Download Weed Identification Sheets for the Moorunde Wildlife Reserve

The presence of introduced weeds on our reserves is a major concern to the Society. Volunteer members and friends contribute much time and effort to reducing and eradicating weeds from our reserves. At almost 7,000ha in area, Moorunde Wildlife Reserve is a very large property and weeding it is no easy matter! Weeds reduce the ability for native plants to reestablish themselves or be reestablished.

Of great current concern at Moorunde Wildlife Reserve is the consumption of toxic weeds by wombats, desperate for food in areas now lacking the growth of their traditional food plants. This situation has largely come about due to inappropriate land clearing for farming in non-arable land and followed with overgrazing by sheep and cattle. Many years of overgrazing has resulted in depleted native grass seed-banks and allowed the spread of unpalatable and toxic weeds. The map below shows the original 2,000ha L-shaped section of Moorunde (established in 1968) and the newer 4,900ha section referred to as the Twelve Mile Plain (acquired in 2007).

Moorunde Wildlife Reserve showing the original Moorunde (est 1968) and the Twelve Mile Plain (acq 2007)

Moorunde Wildlife Reserve showing the original Moorunde (established 1968) and the Twelve Mile Plain (acquired 2007).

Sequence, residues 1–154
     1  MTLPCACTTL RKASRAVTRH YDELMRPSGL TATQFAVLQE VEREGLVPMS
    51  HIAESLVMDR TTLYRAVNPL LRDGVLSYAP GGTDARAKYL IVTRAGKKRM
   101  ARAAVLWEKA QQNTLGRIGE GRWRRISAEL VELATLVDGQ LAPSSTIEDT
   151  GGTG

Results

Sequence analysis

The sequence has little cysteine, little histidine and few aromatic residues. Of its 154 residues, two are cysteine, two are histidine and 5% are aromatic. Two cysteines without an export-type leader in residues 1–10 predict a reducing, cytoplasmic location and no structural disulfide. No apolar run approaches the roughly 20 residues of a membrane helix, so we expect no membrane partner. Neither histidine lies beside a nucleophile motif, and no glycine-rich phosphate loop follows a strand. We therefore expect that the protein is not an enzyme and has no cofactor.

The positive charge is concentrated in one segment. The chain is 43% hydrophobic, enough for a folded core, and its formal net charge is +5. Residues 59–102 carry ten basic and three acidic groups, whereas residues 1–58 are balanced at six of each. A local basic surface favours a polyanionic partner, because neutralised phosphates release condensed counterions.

Ungrazed by sheep for 45 years and with much effort and vigilance, the original 2,000ha area is essentially now weed-free. Ongoing monitoring is essential to maintain this status. However, the adjoining Twelve Mile Plain was grazed by sheep until 2006. Native vegetation recovery in this part of Moorunde is therefore almost 40 years behind the original section. Various introduced weeds (eg. Onion Weed, Wards Weed, Thread Iris, Horehound) have encroached into this area of South Australia in the past few decades, and with the sheep preferentially denuding the edible native grasses and herbaceous plants, these weeds have made a strong foothold into the Twelve Mile Plain section of Moorunde.

Brown clumps of unpalatable Onion Weed cover a clay pan of the Twelve Mile Plain, suppressing growth of native grasses. This weed spreads by seeds and the underground bulb, dormant through the dry season, re-sprouts after rain.

Close up of Onion Weed stalks showing the many seed pods per stalk.


What we want! Healthy mallee habitat. In this case dominated by an understory of native saltbush with opportunity for the growth of native grasses.

Weed Identification Sheets

Moorunde Weed Identification Sheets To assist volunteers at Moorunde as well as others living or working in the surrounding districts, we are preparing Weed Identification Sheets, specifically for the target weeds at Moorunde. Click on the links below to download the identification sheets currently available.

Uncredited photos on these data sheets are taken by members at Moorunde. We are gradually updating the sheets to contain all photos from Moorunde and surrounding properties.